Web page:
I know what you’re saying—“Keisha, I make decisions all the time.”
No, I mean real decisions. What most of us do in our daily lives is make choices. Choices consist of selecting from options that are presented before us—this or that or the other. When you make a choice, you’re ultimately not responsible for the outcomes because it really wasn’t your decision. You just had to choose from the options that were presented before you. There wasn’t much thought given to what happens after you make the choice. Usually you make the choice and then move on from there. At the next crossroads, you make another choice, and so on.
How many times do you hear people say “But I didn’t have a choice” when encountered with a difficult situation? (You usually hear this when they did something that caused someone else a great deal of pain or inconvenience.)
Choices are external. The control is not yours.
The outcomes from choices are predetermined based on the options that are presented. You are simply choosing which of the outcomes you prefer to deal with—or not deal with—as the case may be.
When people make choices, they seldom accept responsibility for any of the outcomes that come with them for the simple fact that they weren’t involved in making the decision that led up to the choice.
Even when you say the words “I choose”, you don’t feel in control. You feel as if there’s still some doubt—as if the other option still might be better.
Think about it. When a waiter asks you what you’re having, and you say “I think I’ll choose the fish.”Do you sound certain about that? Is that your final answer?
Or when you tell someone that you’ve “chosen to start your own business” or “chosen to go back to school” or even that you’ve “chosen to take the day off”, do you find that they question you?
The problem isn’t that you’re not respected. The problem is in your choice of words and actions.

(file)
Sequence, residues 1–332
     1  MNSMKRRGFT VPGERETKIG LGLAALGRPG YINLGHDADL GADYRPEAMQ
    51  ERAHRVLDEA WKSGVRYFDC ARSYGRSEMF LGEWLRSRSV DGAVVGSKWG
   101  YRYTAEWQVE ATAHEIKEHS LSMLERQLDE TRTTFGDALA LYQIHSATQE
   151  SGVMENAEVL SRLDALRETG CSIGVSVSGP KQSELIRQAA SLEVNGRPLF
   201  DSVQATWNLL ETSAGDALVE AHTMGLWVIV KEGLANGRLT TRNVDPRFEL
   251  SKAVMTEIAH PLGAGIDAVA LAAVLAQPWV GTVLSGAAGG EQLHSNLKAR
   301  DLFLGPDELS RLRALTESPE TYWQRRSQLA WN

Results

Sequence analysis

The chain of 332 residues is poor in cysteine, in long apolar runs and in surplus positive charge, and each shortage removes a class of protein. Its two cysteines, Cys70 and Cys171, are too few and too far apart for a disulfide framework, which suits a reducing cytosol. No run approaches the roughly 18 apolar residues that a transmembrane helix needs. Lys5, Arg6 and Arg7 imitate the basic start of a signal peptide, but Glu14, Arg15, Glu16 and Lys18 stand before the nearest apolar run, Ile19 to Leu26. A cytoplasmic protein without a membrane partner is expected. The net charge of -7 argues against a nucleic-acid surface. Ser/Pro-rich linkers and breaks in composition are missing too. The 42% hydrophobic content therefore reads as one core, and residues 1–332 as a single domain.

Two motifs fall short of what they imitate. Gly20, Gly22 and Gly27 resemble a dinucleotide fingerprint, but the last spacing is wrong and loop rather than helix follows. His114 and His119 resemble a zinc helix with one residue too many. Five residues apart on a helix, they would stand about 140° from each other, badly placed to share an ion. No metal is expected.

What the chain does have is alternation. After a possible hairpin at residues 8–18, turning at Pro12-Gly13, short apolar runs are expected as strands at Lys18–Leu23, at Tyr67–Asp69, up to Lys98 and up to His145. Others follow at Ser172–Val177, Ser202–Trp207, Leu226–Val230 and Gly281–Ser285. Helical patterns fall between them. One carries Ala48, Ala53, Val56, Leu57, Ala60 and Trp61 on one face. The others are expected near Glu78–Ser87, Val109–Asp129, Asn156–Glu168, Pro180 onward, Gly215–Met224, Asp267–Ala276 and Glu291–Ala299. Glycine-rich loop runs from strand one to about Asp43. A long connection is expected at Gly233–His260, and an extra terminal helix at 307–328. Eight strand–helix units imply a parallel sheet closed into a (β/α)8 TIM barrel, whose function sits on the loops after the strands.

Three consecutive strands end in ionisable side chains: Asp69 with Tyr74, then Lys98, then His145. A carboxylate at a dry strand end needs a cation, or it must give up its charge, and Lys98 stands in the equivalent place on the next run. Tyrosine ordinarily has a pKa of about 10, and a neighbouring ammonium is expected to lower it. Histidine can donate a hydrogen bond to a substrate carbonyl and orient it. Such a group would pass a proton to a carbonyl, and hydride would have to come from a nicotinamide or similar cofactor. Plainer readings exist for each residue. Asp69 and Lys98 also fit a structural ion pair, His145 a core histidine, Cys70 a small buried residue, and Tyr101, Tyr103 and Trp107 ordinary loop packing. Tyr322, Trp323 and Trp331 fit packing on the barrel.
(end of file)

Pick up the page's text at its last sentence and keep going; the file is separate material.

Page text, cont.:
You’re making choices when you should be making decisions.
Now, decisions, on the other hand, are by their very nature concrete. They bring with them a feeling of being in control; of finality of someone who knows what they want and will not be questioned or second-guessed.
Making decisions implies that you have weighed all of the possible outcomes; examined the situation from all angles; understand all of the variables involved and that you come to the best conclusion possible and determined that this is the course of action that you will take as a result.
Making decisions implies taking responsibility for the outcomes.
Making decisions implies that you are in control.
Making decisions implies that you are not to be questioned, because there is no doubt and nothing left to be explored.
Making decisions is proactive way of controlling your life, while making choices is reaction to circumstances.
Now, repeat the same scenario from before, this time make some decisions instead of choices.
When a waiter asks you what you’re having, and you say “I have decided to have the fish.” How do you feel as a result? What do you believe the impression is this time as opposed to before?
Or when you tell someone that you’ve “decided to start your own business” or “decided to go back to school” or even that you’ve “decided to take the day off”, do you find that they question you now?
It’s the same, yet incredibly different.
The first step to becoming Released and Ready is to make a decision—not a choice. You must make a decision to be different. You have to decide to find those things that fuel your passion; align with your purpose and build your legacy. You have to decide that you are committed to be what you need to become in order release all that you are and are meant to be.
The first step to being Released and Ready is to make a decision.
Are you ready?